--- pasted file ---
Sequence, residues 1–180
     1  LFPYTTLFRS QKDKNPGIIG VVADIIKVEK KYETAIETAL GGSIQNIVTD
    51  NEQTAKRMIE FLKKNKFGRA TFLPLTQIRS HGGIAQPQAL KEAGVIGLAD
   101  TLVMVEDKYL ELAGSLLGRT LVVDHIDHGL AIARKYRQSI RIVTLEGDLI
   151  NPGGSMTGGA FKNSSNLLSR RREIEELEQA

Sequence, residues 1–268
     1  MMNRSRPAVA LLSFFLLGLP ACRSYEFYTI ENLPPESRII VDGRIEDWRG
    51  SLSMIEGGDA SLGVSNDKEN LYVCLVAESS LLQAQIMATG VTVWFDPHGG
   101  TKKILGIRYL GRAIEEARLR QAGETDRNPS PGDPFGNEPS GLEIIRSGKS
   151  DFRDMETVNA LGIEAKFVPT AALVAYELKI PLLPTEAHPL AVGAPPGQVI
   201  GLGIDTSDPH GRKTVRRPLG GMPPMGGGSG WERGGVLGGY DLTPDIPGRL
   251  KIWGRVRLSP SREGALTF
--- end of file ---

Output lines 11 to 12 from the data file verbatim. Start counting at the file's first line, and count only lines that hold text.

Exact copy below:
   201  GLGIDTSDPH GRKTVRRPLG GMPPMGGGSG WERGGVLGGY DLTPDIPGRL
   251  KIWGRVRLSP SREGALTF